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Exploring Coaches Perceptions of Effective Teaching Methods in Skill Acquisition in Adult Learners within Sport

Tobin, Casey (2021) Exploring Coaches Perceptions of Effective Teaching Methods in Skill Acquisition in Adult Learners within Sport. Masters thesis, Dublin, National College of Ireland.

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Abstract

Several studies have aimed to examine skill acquisition, effective coaching, and motor skill acquisition in general and with regards to children, with Fitts & Posner’s (1967), Gentile (1972) and Dreyfus (2004) being of key importance. However, little is known in relation to skill acquisition in relation to adult learners and whether coaching modalities may differ in comparison to methods used with children. This study aims to explore the effective coaching methods on skill acquisition in adult learners in sport from the coach’s perspective. The significance of this study is routed in my own personal and professional interest in sport. The primary aim of the study is to determine whether there is one or more coaching method which may be effective in coaching a new skill to adult learners. However, the study also aims to explore the meaning of effective coaching from the perspective of the coach. The chosen research design for this study follows an inductive approach, seeking to explore coaches’ experiences and perceptions of skill development in relation to adult learners through semi-structured interviews, with the raw data collected being organised and transcribed inductively into themes, through thematic analysis. The emerging themes of effective coaching, coaching behaviour, coaching methods, communication, and adult vs children aimed to answer the proposed research questions. Results found that a multitude of coaching methods were outlined as effective, from questioning and guided discovery, problem-based learning, and experiential and game-based learning. With no single method being identified as effective but rather a holistic approach as the most effective approach to coaching. Findings also suggested that coaches focus on skill acquisition and development with children, however suggested when coaching adults, they do not teach them new skills but simply develop their current skill set, arguing that if an athlete has not picked up a skill by a certain age their ability to achieve a skill will be inhibited. As little is known in relation to skill acquisition with respect to adult learners, this study is merely a steppingstone in aiming to gain an understanding, however further research could delve deeper into the process of motor skill learning in adults and how aspects of coaching may influence the learning process.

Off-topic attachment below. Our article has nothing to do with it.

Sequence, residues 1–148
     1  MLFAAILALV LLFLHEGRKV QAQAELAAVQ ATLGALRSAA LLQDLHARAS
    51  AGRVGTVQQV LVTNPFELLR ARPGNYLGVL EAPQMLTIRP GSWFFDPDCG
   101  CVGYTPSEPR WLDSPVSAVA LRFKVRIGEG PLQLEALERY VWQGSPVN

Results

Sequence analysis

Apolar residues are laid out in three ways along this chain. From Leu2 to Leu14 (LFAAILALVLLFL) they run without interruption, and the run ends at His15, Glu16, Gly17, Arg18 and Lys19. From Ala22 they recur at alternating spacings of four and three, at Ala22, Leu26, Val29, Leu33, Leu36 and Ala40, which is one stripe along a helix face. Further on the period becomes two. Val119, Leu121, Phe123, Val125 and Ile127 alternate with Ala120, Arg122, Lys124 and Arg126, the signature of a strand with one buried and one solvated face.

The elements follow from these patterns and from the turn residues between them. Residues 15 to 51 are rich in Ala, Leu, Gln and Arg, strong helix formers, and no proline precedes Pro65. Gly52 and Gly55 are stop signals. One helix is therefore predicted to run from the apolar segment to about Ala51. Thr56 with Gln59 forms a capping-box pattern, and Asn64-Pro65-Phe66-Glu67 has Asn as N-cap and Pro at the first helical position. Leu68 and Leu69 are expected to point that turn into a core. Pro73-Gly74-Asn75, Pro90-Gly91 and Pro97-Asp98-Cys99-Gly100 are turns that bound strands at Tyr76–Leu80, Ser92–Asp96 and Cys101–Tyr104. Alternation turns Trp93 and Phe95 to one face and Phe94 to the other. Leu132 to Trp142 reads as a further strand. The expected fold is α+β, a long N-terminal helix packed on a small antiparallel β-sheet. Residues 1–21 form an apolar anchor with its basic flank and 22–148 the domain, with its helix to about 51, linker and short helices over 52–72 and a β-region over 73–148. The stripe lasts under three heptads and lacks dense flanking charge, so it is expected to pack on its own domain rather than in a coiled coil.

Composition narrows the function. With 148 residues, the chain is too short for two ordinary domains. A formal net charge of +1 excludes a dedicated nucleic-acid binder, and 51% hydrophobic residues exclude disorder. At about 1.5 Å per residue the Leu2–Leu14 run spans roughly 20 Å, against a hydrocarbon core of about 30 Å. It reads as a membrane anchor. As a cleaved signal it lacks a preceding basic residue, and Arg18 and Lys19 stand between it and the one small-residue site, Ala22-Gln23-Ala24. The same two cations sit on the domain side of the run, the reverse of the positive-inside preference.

Item Type: Thesis (Masters)
Subjects: L Education > LC Special aspects / Types of education > LC5201 Education extension. Adult education. Continuing education
H Social Sciences > HD Industries. Land use. Labor > HD28 Management. Industrial Management > Human Resource Management > Coaching
G Geography. Anthropology. Recreation > GV Recreation Leisure > Sports
Divisions: Centre for Education and Lifelong Learning > Master of Arts in Educational Practice
Depositing User: Clara Chan
Date Deposited: 17 Jan 2022 16:35
Last Modified: 17 Jan 2022 16:35
URI: http://norma.ncirl.ie/id/eprint/5298

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